los-angeles-hyperthermia-cancerHyperthermia treatment for cancer is a modality in which tumors are exposed to heat (up to 108°F) in order to make the cancer cells more susceptible and responsive to other forms of traditional cancer treatment, like radiation. Hyperthermia can be compared to an artificial fever that attacks cancer cells. The U.S. Food and Drug Administration (FDA) has approved hyperthermia with radiation therapy to treat a long list of cancers.

There are currently many clinical trials (research studies) studying the effectiveness of hyperthermia for cancer treatment, with local and regional hyperthermia methods under review.

How does hyperthermia cancer treatment work?

A heated applicator is gently applied to the area in need of treatment. The tumors are exposed to temperature of 42.5ºC (108ºF) for approximately 45 to 60 minutes. Heat can improve blood circulation, and makes tumor cells more susceptible to low-dose- radiation therapy.

In addition to making some cancer cells more sensitive to radiation, hyperthermia combined with low dose radiation (IMRT) also has the potential to harm other cancer cells that radiation may not affect. Hyperthermia and radiation treatments are typically administered within an hour of each other, therefore the patient does not have to worry about making separate appointments. Hyperthermia may also have the potential to enhance the effects of certain anticancer drugs.

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Great! So why is hyperthermia so difficult to obtain? To answer that, let’s look at a portion of medical history. Surgery has been around for a good part of recorded history – even depicted in ancient tombs in Egypt and China, so it is of course an accepted method of treatment today.

Radiation therapy has been around for the better part of the last 40 years. The treatment has evolved into a highly sophisticated and accurate science, but it took several years before the medical community trusted it enough to accept as mainstream medicine.

Chemotherapy originated in the 1940s and had a good deal of difficulty gaining acceptance from the medical community in its early days, also. It wasn’t until the mid 1950s, that chemotherapy use became a standard modality of cancer treatment.

Now, like radiation therapy and chemotherapy, hyperthermia therapy is going through the period of “newness” which creates uncertainty within the medical community despite approval of hyperthermia equipment from various manufacturers.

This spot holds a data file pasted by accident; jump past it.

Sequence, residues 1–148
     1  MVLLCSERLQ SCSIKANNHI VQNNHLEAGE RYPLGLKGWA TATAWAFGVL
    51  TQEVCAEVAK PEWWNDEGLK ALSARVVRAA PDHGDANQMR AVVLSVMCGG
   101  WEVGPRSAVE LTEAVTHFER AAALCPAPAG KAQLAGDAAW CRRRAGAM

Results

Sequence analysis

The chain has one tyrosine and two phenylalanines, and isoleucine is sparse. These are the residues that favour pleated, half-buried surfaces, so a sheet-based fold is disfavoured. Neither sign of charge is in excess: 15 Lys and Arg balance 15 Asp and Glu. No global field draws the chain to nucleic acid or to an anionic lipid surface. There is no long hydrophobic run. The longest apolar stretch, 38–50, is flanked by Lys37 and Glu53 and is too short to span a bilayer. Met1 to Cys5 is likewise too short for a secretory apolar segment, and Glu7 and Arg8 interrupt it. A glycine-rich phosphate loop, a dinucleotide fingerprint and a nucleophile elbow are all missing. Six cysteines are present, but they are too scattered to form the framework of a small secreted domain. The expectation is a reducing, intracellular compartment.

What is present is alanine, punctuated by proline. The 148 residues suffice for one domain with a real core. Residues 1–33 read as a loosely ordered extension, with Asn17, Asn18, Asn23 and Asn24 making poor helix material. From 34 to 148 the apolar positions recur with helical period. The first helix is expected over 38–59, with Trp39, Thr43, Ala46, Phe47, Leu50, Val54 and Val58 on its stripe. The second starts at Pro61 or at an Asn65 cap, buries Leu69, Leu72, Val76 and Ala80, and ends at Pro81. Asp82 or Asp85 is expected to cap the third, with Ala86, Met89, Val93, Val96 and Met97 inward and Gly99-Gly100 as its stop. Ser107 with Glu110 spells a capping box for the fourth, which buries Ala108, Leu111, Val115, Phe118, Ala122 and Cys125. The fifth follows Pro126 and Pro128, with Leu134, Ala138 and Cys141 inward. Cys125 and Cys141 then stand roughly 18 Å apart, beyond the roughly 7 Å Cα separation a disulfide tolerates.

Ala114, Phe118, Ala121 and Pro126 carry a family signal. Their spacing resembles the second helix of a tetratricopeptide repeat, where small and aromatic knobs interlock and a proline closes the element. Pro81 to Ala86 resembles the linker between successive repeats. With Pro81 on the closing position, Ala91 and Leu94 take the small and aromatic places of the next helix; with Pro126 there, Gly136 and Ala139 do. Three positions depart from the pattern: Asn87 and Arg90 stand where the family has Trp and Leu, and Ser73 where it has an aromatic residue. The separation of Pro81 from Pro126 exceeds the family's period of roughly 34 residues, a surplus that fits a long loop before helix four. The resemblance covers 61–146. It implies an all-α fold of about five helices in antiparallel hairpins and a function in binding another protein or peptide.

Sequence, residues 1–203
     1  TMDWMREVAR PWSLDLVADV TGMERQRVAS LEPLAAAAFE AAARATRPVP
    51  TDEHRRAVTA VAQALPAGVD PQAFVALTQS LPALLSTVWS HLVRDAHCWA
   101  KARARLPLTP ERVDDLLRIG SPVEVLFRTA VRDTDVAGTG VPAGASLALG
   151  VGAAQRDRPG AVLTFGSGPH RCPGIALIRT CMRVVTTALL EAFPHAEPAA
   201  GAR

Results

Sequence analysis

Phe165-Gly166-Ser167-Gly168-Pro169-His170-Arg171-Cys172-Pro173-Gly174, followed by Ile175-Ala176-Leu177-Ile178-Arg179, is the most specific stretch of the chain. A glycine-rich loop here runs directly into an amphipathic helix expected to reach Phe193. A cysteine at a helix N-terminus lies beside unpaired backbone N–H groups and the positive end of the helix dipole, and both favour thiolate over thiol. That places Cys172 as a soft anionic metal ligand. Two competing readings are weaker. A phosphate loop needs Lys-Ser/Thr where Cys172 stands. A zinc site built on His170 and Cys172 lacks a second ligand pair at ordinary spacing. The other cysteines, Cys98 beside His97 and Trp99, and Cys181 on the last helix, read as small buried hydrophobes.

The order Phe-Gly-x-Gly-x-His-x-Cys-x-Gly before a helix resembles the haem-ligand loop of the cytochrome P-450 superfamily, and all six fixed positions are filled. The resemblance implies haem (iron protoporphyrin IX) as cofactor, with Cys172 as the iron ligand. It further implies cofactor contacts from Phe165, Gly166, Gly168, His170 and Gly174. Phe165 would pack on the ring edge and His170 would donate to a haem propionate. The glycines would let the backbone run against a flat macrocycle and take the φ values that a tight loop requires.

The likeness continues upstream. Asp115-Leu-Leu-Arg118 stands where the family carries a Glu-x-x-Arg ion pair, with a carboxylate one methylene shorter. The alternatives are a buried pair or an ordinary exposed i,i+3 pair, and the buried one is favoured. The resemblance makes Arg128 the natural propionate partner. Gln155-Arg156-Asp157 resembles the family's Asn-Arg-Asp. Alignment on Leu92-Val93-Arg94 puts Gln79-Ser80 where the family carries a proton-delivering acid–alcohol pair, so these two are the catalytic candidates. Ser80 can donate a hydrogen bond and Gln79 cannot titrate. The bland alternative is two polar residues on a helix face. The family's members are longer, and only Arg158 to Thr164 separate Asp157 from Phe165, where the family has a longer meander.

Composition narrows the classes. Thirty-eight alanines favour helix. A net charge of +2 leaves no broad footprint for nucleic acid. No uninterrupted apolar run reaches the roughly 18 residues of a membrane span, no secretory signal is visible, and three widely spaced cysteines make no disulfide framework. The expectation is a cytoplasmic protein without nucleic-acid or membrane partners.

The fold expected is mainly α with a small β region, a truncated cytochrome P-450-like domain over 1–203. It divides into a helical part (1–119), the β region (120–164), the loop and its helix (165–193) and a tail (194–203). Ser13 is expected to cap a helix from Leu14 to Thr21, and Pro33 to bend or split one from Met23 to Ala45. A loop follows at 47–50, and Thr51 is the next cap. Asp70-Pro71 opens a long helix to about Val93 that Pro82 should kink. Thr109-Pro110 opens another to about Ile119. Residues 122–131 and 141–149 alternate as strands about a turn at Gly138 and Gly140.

Hyperthermia therapy combined with radiation therapy is now about 25 years old, so it should only be another 10 years before it is commonly used as other cancer treatments in the U.S! Ironically, hyperthermia is accepted as standard therapy in other countries, ie. Japan, Germany, Switzerland, Denmark, France, Italy, and China to name a few.

What types of cancers can be treated with hyperthermia?

Hyperthermia is proving to be an effective treatment option for a long list of cancers. Some of the many types of cancers that have shown reduced tumor size in research studies and clinical trials include:

What type of heat is used in hyperthermia?

The most common sources of heat for hyperthermia treatment are:

  • Microwave
  • Ultrasound

How is hyperthermia therapy applied to tumors?

hyperthermia-cancer-treatmentThe heat therapy is applied in different ways depending on the type and location of the cancer.

Local hyperthermia – Heat is applied to the tumor either externally (just below the skin).

Hyperthermia is used to treat patients with metastatic cancer. In this treatment method, body temperature is raised to 107-108 degrees Fahrenheit.

Download a free Information Kit to learn more, or contact Bicher Cancer Institute in Los Angeles today to learn more about hyperthermia treatment for cancer.

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“Fighting cancer with heat is no secret.
But it is an untouched weapon that holds remarkable potential.”

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James I. Bicher, MD
Founder & CEO,
Bicher Cancer Institute


Are you considering hyperthermia treatment for cancer? Contact the experts at Bicher Cancer Institute today to schedule an appointment or get the answers to any questions you still have.

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